LRWC is concerned about the matters reported by Mr. Zheng during his family visit on November 10th, and the standards of treatment to which Mr. Zheng is being subjected in prison. Insofar as the visits to Mr. Zheng by Mr. Miao are concerned, LRWC objects to the extra-judicial pressure tactics to which Mr. Zheng is being subjected. LRWC urges the People’s Republic of China to ensure that state officials end the use of such coercive tactics, which risk the utterance of a false confession. In relation to Mr. Zheng’s right to meet with counsel, LRWC respectfully reminds the People’s Republic of China that Article 9(4) of the International Covenant on Civil and Political Rights provides “Anyone who is deprived of his liberty by arrest or detention shall be entitled to take proceedings before a court, in order that court may decide without delay on the lawfulness of his detention and order his release if the detention is not lawful”. Article 14(5) further provides, “Everyone convicted of a crime shall have the right to have his conviction and sentence being reviewed by a higher tribunal according to law.” The People’s Republic of China, as a party to the Covenant, bears an obligation not to frustrate the exercise of these rights by denying Mr. Zheng the access to counsel he requires to file his appeal. The weight and gravity of this responsibility is reinforced by the United Nation’s statement on the Basic Principles on the Role of Lawyers (1990), which provide, inter alia, that “8. All . . . imprisoned persons shall be provided with adequate opportunities, time and facilities to be visited by and to communicate and consult with a lawyer, without delay, interception or censorship and in full confidentiality.” Concerning Mr. Zheng’s living conditions in prison, his access to family via telephone, and his ability to speak freely about the legal cases of those persons displaced by urban redevelopment in Shanghai, LRWC respectfully requests that the People’s Republic of China ensure that officials forebear from such actions, which appear meant to dissuade Mr. Zheng from expressing his views on the situation of the displaced. That situation bears no relationship to the declared reason for Mr. Zheng’s conviction. Further, and in any case, Mr. Zheng does not forfeit the right to discuss such matters with his family members just by virtue of his incarceration.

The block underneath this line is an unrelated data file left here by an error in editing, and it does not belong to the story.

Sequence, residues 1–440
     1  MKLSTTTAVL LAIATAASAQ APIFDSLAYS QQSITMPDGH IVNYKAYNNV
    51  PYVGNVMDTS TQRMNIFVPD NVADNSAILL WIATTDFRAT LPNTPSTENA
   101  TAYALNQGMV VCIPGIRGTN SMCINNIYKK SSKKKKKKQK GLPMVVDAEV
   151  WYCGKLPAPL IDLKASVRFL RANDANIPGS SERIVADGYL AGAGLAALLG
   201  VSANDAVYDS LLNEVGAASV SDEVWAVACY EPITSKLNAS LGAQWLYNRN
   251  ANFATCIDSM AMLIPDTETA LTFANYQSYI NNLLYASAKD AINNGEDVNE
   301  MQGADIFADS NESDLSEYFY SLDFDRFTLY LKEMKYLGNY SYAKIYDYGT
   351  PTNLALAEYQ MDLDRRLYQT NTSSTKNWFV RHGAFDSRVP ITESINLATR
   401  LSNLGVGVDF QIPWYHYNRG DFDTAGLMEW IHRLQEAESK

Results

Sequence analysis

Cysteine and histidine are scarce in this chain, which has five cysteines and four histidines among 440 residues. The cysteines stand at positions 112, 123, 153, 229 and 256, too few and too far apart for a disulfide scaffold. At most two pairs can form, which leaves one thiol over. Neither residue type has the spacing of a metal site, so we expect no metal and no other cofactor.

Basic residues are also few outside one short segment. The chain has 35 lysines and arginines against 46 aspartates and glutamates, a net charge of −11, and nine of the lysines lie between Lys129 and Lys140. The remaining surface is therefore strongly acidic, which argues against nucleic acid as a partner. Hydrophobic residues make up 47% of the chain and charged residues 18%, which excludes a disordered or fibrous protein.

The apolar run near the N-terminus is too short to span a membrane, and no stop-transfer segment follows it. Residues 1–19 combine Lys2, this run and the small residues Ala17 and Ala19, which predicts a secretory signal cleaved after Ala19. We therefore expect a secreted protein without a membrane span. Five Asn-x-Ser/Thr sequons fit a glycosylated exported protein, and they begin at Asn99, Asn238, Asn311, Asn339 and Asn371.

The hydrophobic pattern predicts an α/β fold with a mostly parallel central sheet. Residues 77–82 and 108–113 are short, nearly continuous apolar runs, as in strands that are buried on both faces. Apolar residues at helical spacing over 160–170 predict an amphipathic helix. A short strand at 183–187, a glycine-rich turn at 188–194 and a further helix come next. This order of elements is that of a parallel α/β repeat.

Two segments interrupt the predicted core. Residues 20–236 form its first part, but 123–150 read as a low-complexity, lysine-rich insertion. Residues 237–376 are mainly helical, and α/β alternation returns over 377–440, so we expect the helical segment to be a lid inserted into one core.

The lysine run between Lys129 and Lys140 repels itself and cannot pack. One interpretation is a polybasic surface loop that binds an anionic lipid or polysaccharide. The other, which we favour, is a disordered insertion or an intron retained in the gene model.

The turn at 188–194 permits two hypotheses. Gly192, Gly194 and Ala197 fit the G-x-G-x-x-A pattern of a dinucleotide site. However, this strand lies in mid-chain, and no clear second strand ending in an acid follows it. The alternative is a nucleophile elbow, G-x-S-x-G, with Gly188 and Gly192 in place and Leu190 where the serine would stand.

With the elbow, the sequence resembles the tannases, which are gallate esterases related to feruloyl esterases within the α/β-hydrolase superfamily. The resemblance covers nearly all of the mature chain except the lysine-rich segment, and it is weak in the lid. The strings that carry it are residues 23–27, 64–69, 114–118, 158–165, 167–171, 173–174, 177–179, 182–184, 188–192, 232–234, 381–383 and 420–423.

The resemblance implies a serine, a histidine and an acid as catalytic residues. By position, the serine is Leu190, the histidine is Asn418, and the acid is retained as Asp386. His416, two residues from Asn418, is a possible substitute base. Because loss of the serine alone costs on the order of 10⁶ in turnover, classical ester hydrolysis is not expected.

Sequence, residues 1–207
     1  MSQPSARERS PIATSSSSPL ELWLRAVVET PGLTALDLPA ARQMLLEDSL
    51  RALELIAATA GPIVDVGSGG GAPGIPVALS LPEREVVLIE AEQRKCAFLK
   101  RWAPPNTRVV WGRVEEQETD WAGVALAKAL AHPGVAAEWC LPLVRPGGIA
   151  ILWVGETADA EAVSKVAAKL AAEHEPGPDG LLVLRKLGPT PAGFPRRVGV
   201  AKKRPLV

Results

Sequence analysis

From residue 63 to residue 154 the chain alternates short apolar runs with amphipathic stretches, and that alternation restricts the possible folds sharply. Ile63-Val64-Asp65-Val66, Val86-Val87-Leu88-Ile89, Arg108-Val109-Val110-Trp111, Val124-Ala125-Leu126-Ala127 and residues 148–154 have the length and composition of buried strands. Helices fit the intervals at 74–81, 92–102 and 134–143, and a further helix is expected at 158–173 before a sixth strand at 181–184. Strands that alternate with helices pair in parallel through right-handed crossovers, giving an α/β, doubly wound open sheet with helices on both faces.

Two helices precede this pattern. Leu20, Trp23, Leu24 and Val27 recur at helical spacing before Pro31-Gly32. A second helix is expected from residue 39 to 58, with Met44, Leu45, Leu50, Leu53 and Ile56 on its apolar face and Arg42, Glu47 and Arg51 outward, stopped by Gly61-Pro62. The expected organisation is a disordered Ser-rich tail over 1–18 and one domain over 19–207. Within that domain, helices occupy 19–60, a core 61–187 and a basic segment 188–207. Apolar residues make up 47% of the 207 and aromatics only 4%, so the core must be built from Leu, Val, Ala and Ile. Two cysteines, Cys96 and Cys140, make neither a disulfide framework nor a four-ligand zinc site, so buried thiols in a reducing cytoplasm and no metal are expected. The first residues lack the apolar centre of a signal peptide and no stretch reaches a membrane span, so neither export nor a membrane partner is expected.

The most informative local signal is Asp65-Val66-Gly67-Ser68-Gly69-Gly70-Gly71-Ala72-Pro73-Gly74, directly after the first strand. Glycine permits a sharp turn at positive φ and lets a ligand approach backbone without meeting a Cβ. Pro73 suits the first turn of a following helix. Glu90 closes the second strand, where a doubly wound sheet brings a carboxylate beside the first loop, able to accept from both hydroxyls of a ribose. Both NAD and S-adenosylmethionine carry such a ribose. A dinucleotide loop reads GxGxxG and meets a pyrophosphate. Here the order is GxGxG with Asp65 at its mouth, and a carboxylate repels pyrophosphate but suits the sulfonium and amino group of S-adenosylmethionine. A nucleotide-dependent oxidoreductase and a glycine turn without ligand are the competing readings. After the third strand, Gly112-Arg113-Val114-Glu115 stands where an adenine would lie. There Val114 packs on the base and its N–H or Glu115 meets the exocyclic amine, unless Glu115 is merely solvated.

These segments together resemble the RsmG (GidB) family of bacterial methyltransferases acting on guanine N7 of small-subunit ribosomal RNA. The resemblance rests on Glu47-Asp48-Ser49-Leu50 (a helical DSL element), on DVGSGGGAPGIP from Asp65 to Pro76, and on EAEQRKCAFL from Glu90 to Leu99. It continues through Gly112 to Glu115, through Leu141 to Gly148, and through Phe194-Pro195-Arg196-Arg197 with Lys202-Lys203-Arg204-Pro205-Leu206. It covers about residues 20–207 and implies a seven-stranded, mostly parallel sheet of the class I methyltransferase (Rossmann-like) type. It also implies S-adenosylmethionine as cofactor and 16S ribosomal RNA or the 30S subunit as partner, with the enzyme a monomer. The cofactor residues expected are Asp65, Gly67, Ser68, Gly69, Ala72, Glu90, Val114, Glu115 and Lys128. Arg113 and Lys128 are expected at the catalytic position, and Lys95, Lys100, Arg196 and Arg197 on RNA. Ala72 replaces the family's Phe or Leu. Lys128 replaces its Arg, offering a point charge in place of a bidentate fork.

In conclusion, LRWC calls on the People’s Republic of China to do the following in relation to Mr. Zheng’s case:

  • ensure in all circumstances Mr. Zheng’s physical and psychological integrity;
  • allow Mr. Zheng to meet with his legal counsel forthwith; and
  • guarantee Mr. Zheng’s right to file an application to appeal to the Shanghai Supreme People’s Court. More generally, LRWC calls upon the People’s Republic of China to:
  • put an end to all forms of harassment against lawyers and human rights defenders;
  • conform with the Basic Principles on the Role of Lawyers, supra; and
  • conform with the principles expressed in the Declaration on Human Rights Defenders, adopted by the United Nations General Assembly on December 9, 1998, and, in particular Article 1, which states, “everyone has the right, individually or in association with others, to promote the protection and realisation of human rights and fundamental freedoms at the national and international levels”.

Please advise LRWC, by mail, e-mail or fax, of the actions that the People’s Republic of China will take in relation to the matters discussed above. LRWC awaits your response.